Appeal from order of Court of Common Pleas of Lancaster County, Habeas Corpus Docket No. 7, page 159, in case of Commonwealth of Pennsylvania ex rel. Felix Luis Morales, Alvin Morales, Aramis Morales, by their mother, Leonita Gonzalez v. Felix Morales.
Robert M. Going and Zimmerman & Going, for Commonwealth, appellant.
H. Joseph Flynn, for appellee.
Wright, P. J., Watkins, Jacobs, Hoffman, Spaulding, Cercone, and Packel, JJ. Opinion by Spaulding, J.
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Appellant mother, Leonita Gonzales, initiated this proceeding by petition for a writ of habeas and now appeals from an order of the Court of Common Pleas of Lancaster County awarding custody of their three children, ages 10, 11, and 12, to appellee father Felix Morales.
The parties were married in Puerto Rico in 1959 and the three children who are the subject of this action are a result of that union. Shortly after their marriage, appellee left Puerto Rico and came to New York, appellant retaining custody of the children. Ten years later, in 1969, the parties were divorced in Puerto Rico. As part of the divorce decree, appellant was awarded custody of the children. Later in 1969, due
[ 222 Pa. Super. Page 375]
to financial difficulties, appellant came to the United States to work, leaving the children in the care of her mother. Thereafter, appellee returned to Puerto Rico, took the children, and returned to New York with them. When appellant learned of this she attempted to obtain custody in New York, but appellee fled the jurisdiction with the children to his present residence in Lancaster. Appellee has since remarried and now has four additional children from that marriage.
The order of the court below is unsupported by the record as it now stands. As stated by appellee in his brief: "The reason for this deficiency is not that sufficient testimony was not presented, but rather that the testimony was not all contained in the record. When counsel for the appellee called Felix Luis Morales, the 13 year old boy, as a witness, the court refused, making reference to the fact that the children had already been heard in chambers. Not only did this testimony not appear of record, but counsel on both sides were not permitted in chambers at the time the testimony was heard." The court below does not specifically state any findings of fact concerning the preferences of the three children, but apparently its decision here is in large part based on their off-the-record testimony given in chambers without counsel being present.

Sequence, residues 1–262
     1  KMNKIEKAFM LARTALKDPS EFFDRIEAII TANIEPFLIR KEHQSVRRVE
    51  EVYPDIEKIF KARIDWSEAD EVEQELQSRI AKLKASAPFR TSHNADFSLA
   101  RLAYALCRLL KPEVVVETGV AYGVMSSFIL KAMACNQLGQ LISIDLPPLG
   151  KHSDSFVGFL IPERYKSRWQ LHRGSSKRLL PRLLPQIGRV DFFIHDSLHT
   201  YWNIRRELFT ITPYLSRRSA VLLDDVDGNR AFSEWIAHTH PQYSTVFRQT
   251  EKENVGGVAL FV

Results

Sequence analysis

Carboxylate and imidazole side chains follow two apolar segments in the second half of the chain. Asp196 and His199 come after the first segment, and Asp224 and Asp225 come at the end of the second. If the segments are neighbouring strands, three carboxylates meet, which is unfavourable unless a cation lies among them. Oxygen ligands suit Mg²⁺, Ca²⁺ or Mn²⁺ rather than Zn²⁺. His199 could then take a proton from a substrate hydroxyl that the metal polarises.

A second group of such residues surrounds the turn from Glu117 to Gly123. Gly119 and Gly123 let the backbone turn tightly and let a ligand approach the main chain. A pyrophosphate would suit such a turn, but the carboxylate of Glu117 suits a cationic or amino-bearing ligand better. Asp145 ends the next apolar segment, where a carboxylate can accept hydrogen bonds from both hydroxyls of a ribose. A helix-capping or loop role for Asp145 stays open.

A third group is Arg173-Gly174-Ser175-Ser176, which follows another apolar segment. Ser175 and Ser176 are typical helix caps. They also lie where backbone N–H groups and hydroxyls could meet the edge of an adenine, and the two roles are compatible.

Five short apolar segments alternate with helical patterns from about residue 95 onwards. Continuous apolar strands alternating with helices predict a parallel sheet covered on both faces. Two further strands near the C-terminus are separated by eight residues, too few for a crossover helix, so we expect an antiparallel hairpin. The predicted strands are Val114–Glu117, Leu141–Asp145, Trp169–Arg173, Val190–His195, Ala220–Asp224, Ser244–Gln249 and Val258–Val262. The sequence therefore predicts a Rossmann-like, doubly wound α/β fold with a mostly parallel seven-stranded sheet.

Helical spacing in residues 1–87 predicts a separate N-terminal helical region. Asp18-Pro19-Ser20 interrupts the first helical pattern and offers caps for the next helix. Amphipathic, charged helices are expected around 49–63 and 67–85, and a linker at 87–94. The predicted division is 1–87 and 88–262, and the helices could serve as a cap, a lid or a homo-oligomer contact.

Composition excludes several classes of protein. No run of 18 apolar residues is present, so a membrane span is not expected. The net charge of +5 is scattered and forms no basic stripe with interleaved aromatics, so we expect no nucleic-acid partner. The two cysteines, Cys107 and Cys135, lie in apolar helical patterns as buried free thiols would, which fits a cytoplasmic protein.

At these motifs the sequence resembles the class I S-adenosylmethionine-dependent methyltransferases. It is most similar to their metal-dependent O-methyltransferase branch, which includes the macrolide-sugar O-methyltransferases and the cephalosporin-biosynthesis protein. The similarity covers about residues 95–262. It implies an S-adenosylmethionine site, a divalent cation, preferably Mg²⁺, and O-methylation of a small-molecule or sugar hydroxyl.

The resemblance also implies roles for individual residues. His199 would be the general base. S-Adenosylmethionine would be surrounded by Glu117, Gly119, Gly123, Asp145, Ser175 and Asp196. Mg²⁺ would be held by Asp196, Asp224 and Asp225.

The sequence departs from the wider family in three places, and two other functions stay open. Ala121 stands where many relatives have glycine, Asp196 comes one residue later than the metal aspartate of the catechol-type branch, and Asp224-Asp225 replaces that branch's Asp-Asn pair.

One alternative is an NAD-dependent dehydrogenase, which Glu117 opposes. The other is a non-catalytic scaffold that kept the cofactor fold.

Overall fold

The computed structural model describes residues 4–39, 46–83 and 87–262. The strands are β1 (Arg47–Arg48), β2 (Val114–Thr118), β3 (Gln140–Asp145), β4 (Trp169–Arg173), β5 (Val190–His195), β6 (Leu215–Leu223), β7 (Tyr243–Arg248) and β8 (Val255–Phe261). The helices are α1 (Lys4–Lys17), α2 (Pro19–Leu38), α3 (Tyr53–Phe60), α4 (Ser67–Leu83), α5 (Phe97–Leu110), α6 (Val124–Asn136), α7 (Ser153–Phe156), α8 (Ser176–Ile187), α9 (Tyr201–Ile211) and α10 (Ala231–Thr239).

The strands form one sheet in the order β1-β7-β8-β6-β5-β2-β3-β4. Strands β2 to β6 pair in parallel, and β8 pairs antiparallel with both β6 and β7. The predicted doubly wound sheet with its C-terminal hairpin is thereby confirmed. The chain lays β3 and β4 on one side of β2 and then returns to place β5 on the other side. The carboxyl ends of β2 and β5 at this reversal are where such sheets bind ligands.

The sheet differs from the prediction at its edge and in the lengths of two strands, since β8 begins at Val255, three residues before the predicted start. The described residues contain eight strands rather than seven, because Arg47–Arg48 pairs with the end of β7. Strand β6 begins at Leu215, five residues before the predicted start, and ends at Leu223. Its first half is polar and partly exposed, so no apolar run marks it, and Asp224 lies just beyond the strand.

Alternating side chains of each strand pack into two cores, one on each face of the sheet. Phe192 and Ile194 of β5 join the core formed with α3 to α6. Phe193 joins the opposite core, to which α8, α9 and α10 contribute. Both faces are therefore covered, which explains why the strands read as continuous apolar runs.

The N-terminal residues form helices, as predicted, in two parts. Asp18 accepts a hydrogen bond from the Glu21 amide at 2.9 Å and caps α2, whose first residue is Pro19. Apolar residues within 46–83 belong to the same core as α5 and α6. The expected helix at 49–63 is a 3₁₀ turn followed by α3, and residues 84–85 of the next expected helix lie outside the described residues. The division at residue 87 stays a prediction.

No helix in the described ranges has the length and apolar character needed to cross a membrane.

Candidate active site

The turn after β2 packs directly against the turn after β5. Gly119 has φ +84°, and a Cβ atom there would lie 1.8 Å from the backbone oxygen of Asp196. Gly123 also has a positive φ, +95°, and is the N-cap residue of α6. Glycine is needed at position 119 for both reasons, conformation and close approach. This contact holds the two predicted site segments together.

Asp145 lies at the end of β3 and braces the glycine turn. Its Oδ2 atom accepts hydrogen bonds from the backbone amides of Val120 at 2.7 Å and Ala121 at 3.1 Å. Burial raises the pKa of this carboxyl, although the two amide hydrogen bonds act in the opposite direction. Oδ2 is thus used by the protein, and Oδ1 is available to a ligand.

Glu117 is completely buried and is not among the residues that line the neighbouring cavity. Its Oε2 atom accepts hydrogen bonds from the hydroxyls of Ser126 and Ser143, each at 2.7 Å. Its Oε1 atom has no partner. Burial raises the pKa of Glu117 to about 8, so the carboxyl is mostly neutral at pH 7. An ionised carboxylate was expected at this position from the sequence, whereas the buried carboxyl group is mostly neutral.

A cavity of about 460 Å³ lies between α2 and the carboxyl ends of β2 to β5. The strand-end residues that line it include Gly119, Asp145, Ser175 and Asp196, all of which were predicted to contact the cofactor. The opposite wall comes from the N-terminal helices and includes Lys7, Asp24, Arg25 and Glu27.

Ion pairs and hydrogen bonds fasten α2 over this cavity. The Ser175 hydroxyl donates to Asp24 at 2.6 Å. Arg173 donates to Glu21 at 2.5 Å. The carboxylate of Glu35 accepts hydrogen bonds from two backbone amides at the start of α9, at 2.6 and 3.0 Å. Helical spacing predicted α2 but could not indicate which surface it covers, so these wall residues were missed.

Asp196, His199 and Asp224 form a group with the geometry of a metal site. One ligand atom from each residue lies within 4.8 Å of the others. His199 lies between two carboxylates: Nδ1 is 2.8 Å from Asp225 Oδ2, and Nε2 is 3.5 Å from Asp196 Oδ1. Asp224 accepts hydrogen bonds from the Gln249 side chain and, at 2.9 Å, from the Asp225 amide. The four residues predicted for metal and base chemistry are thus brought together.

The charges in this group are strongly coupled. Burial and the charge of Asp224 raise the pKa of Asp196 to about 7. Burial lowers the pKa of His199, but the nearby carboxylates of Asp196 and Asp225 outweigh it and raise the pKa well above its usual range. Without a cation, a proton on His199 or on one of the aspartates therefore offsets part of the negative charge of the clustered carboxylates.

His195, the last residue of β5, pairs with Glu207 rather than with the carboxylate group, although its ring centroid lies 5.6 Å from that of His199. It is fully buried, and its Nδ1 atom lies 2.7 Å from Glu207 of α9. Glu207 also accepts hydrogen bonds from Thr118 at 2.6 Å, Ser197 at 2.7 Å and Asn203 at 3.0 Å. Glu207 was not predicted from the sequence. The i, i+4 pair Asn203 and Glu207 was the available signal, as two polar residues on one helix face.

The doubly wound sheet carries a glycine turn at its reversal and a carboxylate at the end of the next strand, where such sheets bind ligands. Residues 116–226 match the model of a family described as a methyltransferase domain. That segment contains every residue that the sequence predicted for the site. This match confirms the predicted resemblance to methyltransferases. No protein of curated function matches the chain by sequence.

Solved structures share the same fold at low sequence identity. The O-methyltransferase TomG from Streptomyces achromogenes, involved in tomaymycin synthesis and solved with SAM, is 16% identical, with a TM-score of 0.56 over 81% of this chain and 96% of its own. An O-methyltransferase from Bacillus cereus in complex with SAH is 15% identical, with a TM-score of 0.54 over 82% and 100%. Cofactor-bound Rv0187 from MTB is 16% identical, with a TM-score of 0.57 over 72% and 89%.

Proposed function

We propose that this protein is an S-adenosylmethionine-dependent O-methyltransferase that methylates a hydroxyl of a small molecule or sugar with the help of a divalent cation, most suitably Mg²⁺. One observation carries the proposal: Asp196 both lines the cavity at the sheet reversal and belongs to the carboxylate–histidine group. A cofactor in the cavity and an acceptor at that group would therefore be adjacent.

Under both the statutory and case law, the scope of our review in child custody cases is quite broad and, while we cannot nullify the fact-finding function of the hearing judge, we are not bound by a finding which has no competent evidence to support it. Commonwealth ex rel. Gifford v. Miller, 213 Pa. Superior Ct. 269, 273-274, 248 A.2d 63 (1968) and cases cited therein. The decision of the court below here has nothing on the record which supports it due to the incorrect procedure followed in hearing the testimony of the children. If their testimony is to be taken out of the presence
[ 222 Pa. Super. Page 376]
of the contending parties, counsel should be present and have an opportunity to examine them, Snellgrose Adoption Case, 432 Pa. 158, 166, n. 3, 247 A.2d 596 (1968), ...